There's a vast degree of solipsism to the work of Dean Blunt. Whether he's speaking in riddles during interviews or presenting an exhibition that places a VHS copy of All Dogs Go To Heaven alongside a man laying face down on the floor, this is an artist concerned only with the excavation of his own experiences, the audience a happy accident.
For followers of Blunt ‘Black Metal’ arrives weighted by ‘Trident 2’, a meticulous eight-minute spoken-word dissection of Hackney’s gang culture that offers listeners a greater insight into his world than ever before.
Despite said track’s omission from the album, this home-grown street spirit manifests as a manipulating force throughout a record that melts every sonic signifier of an unforgiving cityscape together, inviting us to listen from inside Blunt’s head.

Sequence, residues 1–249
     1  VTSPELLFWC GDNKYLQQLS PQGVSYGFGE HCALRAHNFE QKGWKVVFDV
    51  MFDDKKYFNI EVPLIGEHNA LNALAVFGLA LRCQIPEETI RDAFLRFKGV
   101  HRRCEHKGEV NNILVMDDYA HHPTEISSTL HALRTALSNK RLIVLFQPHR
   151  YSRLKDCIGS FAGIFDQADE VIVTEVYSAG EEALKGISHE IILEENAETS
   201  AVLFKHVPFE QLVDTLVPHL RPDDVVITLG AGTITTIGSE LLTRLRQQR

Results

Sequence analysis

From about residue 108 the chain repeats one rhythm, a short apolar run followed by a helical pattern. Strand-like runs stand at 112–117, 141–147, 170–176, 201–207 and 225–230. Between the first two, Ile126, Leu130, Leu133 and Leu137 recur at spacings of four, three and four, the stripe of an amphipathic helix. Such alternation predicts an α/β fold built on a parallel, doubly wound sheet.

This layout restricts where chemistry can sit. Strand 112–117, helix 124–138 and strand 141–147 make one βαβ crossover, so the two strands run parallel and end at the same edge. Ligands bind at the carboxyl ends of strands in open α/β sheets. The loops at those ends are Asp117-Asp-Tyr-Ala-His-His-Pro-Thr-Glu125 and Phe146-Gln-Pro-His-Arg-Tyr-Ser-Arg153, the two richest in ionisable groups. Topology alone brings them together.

Unlike the scratchy collages that have hindered previous records, ‘Black Metal’ transitions with hypnotic clarity considering its palette. Easy-listening country rock and lonely saxophone trails fall into 13-minute electro-jazz opus ‘Forever’. Squarepusher-cut brain rattle ‘Country’ blooms into the sad, scatter-gun grime territory of ‘Hush’.
As Blunt strings low cryptic one-liners together, we’re guided by awestruck voyeurism. From ‘cover art’ to core, it might seem the listener is last on his list, but this is just classic reverse psychology. The less Dean Blunt cares, the more we do.
Words: Kim Hillyard
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